Novel by the Italian writer Viola Di Grado
Di Grado fulfills the physical mechanics of sex alongside sex as a form of “language substitute”, something that replaces verbal language, and creates a masterful narrative that conveys the ecstasy of new love: “It’s as if something inside me, what had been struggling for so long had finally subsided,” says Ruben.
“I saw her hunger as a form of love. I saw every invasion as a form of love.”
Ruben, the main character in Blue Hunger, on why she loved being eaten by mosquitoes
Physical interventions make her feel loved. At the beginning of the novel, Ruben describes how, as a little girl, in the summer she opened the windows, turned on all the lights, and stretched out her arms and legs so mosquitoes could eat her alive. “I saw her hunger as a form of love,” she boasts. “I saw every invasion as a form of love.”
Recent novels by young women authors offer us new ways of imagining the female body, allowing female characters to reinvent sex on their own terms, as in Raven Leilanis chandelieror use sex as a vehicle to discover metaphysical truths about oneself, as in Sarah Thankam Mathews’ All this could be different.
Like the heroines in both novels, Ruben is painfully aware of what she is doing. “She wanted to destroy me,” she confesses to her lover. “I didn’t care if Xu’s ghost was a racer who might suddenly slide into a ditch. I didn’t care if she was crazy, out of control. I wanted to be the bumpy asphalt it slid on.”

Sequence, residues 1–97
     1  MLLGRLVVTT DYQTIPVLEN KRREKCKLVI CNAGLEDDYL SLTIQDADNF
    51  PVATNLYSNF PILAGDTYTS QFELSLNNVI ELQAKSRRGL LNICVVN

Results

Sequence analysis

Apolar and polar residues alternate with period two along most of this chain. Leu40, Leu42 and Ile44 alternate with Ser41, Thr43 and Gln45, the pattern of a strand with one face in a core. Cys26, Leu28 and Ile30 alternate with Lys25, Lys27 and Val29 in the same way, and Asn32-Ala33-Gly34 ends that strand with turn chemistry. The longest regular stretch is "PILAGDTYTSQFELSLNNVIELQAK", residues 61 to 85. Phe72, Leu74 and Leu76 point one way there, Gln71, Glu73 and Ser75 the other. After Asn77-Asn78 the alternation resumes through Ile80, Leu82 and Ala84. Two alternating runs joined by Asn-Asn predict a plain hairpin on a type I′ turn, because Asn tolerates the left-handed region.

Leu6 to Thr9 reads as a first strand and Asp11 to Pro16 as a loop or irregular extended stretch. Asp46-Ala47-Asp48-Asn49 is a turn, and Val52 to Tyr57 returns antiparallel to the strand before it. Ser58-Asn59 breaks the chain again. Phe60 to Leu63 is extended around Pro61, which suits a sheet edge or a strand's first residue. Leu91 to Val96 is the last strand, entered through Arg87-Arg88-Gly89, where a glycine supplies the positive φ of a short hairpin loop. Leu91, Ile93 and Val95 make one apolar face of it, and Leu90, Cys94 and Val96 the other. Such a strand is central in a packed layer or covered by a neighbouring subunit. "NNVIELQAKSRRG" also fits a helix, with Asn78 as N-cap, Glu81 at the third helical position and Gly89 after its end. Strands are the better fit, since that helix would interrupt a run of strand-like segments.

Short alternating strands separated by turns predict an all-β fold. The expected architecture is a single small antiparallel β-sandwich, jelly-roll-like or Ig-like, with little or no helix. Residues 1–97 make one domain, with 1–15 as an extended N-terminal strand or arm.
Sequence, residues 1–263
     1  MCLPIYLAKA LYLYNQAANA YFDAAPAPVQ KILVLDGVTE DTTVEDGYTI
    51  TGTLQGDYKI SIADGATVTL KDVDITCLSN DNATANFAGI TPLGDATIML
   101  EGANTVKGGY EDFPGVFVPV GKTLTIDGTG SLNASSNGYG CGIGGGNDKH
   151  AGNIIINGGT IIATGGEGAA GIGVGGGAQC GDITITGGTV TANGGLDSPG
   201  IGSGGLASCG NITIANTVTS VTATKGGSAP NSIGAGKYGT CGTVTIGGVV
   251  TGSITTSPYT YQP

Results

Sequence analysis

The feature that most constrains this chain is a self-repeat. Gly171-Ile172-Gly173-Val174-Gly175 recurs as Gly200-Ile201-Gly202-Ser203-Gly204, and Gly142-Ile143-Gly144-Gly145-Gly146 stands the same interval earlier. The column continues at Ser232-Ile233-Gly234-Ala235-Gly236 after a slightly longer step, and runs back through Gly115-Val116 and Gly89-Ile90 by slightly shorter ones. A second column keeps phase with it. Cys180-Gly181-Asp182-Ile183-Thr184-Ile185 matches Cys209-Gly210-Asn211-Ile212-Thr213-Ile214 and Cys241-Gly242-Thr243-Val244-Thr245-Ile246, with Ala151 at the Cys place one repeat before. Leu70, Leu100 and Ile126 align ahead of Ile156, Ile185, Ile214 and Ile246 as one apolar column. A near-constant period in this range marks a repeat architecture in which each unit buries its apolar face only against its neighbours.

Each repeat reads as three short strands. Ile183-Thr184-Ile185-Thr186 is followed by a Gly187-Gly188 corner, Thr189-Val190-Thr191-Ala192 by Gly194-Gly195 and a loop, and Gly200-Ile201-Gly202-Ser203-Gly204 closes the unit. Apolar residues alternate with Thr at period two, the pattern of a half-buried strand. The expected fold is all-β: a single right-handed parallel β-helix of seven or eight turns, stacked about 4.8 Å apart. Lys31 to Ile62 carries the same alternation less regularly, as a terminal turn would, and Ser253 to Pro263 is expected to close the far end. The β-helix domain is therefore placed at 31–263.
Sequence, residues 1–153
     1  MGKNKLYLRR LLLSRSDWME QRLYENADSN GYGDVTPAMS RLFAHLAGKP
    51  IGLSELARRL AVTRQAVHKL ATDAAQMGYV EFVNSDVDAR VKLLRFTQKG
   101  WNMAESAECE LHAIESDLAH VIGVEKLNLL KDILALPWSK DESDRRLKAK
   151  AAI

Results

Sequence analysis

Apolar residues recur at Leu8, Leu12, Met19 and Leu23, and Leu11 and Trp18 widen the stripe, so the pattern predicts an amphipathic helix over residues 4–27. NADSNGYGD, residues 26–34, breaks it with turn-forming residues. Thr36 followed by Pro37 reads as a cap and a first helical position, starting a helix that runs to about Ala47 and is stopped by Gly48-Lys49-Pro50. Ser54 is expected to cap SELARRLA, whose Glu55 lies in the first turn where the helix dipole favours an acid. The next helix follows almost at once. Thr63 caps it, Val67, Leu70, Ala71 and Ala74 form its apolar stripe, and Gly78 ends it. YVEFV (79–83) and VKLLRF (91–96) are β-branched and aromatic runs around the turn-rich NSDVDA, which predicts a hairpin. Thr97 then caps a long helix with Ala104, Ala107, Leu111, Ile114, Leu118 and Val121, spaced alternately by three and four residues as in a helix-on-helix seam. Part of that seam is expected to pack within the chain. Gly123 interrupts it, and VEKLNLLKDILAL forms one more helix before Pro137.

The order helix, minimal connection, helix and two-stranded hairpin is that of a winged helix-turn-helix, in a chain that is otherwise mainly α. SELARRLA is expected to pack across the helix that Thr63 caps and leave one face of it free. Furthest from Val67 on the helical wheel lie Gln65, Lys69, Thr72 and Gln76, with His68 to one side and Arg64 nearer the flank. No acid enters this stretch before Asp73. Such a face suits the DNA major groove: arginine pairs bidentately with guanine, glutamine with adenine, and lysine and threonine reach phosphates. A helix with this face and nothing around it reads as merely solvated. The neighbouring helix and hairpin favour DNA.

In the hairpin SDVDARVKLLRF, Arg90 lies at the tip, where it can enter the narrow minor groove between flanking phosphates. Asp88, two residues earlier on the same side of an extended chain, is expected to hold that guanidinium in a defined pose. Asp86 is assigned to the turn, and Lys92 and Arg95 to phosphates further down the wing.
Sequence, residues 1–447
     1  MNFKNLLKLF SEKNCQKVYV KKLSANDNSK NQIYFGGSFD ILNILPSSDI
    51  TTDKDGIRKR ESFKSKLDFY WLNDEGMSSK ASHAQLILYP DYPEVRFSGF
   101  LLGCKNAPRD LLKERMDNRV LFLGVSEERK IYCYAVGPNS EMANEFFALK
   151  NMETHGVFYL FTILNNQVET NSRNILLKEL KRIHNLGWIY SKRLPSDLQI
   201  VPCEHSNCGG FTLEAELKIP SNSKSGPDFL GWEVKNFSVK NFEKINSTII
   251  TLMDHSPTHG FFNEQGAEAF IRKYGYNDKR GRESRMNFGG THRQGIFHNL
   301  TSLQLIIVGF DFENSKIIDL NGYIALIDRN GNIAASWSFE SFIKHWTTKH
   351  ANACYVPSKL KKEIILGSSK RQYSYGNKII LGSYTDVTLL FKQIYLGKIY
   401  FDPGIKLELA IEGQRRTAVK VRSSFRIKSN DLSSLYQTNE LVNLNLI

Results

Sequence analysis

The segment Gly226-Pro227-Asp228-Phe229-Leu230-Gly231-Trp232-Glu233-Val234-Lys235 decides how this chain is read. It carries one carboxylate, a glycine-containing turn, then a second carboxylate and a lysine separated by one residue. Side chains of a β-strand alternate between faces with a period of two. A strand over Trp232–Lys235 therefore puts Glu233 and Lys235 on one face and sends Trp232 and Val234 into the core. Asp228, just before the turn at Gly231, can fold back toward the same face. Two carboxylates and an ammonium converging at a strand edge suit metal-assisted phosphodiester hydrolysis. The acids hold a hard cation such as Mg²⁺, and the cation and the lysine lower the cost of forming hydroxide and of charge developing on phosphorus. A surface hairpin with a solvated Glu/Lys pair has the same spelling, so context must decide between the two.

blue hunger is a breezy but dizzying feverish dream of reading. The narrator’s voice is deceptively quiet. The book feels like it has a flame illuminating it from below. It moves with a steady, compact agility, like a ship heading for battle at sea.
In this case, the battle is the narrative’s main crisis point: will Ruben stay and continue to be emotionally gutted by Xu? Or will she envision another life, severing the organic ties she felt to Xu and the city? The final scene is a spectacular performance that manages to be both unexpected and exquisitely tender.
blue hunger from Viola Di Grado (trans., Jamie Richards) is edited by Scribes, $27.99.
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https://www.smh.com.au/culture/books/dizzying-fever-dream-the-final-scene-of-this-sex-charged-novel-is-spectacular-20230314-p5cry9.html?ref=rss&utm_medium=rss&utm_source=rss_culture Novel by the Italian writer Viola Di Grado